TALKING ON THE phone with Pepi Ginsberg as she sits in rush-hour traffic on her way back home to Brooklyn, she's a little self-conscious about describing the recording of her new album, East Is East. Not because she's quiet or shy—even a short conversation with Ginsberg makes it plainly evident she is neither—but because her guitarist, Amnon Freidlin, is sitting right next to her, and he was there for the entire recording process. She'll describe one part of the album's creation, then ask him, "Wouldn't you say, Amnon? You were there!" They talk to me, to each other, and then trade the phone back and forth.

One thing they can both agree on is that East Is East, Ginsberg's second record for the Park the Van label, is a much more collaborative effort than her first. 2008's Red was built up from a series of overdubs around Ginberg's quixotic melodies with the help of Dr. Dog's Scott McMicken, but East Is East is very much a band record. From the elastic guitars of "Shake This" to the chopped-up beat in "Lost River," the record has a pronounced and infectious Afro-pop feel not unlike Dirty Projectors, but Ginsberg's gangly but affecting voice also commands more straightforward songs like the plaintive "Coca Cola."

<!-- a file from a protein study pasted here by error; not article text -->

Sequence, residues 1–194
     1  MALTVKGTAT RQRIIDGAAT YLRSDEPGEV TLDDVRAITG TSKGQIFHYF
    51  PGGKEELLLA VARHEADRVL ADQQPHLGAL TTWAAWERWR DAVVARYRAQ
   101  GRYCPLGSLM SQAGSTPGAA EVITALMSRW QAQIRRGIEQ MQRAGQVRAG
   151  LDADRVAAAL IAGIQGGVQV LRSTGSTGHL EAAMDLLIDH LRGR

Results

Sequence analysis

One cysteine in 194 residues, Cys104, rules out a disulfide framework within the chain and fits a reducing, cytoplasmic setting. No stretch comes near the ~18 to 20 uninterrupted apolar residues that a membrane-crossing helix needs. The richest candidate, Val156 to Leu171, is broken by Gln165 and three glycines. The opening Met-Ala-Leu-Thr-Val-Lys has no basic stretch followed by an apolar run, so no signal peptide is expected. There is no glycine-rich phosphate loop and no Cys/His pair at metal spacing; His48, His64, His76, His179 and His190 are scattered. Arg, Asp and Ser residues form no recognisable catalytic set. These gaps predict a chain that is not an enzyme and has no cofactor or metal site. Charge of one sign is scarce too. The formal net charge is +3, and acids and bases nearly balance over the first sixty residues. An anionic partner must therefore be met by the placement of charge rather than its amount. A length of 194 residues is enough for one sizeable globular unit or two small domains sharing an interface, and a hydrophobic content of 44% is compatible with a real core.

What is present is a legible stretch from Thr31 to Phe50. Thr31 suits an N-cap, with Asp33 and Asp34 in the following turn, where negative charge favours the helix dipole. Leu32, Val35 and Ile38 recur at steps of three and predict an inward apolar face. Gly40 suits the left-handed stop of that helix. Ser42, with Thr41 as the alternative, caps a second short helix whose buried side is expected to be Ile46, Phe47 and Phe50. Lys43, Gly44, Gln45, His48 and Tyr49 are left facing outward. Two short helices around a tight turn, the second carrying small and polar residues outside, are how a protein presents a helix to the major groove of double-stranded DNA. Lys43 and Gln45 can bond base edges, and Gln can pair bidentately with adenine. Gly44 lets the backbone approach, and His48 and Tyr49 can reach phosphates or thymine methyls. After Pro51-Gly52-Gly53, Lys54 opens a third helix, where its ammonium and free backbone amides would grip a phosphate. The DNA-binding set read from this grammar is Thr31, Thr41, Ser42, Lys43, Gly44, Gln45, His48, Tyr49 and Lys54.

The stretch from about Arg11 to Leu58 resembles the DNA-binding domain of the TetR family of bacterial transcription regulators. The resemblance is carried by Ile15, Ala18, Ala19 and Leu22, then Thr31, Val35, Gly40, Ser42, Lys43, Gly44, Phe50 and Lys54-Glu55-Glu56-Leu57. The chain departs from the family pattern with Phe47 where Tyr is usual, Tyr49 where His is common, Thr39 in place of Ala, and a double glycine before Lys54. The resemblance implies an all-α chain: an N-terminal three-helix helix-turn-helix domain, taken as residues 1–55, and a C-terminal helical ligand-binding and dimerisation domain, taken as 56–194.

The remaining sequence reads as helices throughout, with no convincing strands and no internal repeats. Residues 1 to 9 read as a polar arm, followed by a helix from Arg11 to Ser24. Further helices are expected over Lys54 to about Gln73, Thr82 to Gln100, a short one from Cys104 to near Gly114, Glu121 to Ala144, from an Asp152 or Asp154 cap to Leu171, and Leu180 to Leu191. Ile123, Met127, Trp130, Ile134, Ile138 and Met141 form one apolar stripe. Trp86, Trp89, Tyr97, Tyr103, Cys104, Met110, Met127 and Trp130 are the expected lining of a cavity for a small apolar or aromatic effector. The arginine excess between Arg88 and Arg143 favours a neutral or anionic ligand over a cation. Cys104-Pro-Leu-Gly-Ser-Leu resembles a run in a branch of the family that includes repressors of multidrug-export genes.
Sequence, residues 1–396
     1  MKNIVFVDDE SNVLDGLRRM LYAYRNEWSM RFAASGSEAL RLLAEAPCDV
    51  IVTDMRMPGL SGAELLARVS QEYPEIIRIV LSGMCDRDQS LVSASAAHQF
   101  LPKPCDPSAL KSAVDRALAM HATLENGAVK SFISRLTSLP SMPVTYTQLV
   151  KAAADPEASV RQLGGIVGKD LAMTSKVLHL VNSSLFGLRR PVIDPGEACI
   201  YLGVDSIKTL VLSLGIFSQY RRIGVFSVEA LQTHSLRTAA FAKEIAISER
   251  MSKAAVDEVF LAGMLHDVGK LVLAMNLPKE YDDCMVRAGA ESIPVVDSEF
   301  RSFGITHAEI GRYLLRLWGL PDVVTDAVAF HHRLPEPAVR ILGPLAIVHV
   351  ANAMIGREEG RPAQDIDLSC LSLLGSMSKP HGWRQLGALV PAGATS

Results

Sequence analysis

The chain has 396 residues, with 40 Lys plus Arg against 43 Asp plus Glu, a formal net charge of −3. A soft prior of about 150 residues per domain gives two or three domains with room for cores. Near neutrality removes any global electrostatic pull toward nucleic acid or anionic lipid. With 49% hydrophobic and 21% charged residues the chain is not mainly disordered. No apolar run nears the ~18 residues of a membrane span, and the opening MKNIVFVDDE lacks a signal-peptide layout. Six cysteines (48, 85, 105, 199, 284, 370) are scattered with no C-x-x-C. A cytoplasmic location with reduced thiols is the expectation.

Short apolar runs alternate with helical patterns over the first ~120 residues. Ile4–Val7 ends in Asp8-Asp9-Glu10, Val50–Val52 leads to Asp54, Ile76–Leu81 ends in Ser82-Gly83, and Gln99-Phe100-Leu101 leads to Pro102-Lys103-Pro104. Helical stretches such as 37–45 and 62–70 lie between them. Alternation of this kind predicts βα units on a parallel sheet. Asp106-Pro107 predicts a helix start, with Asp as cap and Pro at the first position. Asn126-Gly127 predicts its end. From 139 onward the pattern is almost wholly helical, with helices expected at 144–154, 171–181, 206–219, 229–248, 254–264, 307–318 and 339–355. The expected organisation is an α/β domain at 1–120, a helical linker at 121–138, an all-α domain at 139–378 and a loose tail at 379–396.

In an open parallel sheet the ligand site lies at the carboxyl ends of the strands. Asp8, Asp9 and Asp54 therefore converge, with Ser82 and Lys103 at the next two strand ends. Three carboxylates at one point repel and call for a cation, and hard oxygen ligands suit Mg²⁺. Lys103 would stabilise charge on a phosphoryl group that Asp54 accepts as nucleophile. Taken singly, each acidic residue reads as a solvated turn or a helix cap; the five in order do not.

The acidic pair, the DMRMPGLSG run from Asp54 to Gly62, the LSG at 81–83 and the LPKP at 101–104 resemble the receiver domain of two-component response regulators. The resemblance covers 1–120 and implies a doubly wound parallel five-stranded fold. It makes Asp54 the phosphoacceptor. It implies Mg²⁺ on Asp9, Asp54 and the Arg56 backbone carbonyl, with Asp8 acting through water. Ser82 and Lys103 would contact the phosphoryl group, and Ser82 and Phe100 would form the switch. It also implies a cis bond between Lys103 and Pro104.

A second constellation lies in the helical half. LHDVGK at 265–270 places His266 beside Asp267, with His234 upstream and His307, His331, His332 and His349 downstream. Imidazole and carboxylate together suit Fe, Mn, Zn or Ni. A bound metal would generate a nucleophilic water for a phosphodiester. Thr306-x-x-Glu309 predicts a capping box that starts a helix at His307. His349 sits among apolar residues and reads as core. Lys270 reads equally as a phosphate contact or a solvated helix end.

Ginsberg came to songwriting relatively late in life, she says. "I remember at one point in college listening to some girl play songs, and saying to myself, 'Well, you know, that's not what you do. You do something else, and this is for other people.' Which is a really strange attitude! But it was how I felt about skateboarding or something, like 'Skateboarding's cool, but you don't skateboard and that's fine. You walk places, you ride a bike, okay, but you don't skateboard—so what? Other people can enjoy it, and you can enjoy them skateboarding.' And at a certain point, I just didn't feel like that had to be anymore. I went to go see Kimya Dawson and Herman Dune, and I was like, 'Oh they look like they're having fun, I could do that.' The next day, I started taking guitar lessons. So it was kind of a whim, and then I went nuts on it and just did it all the time. It was the most fun thing I could figure out how to do."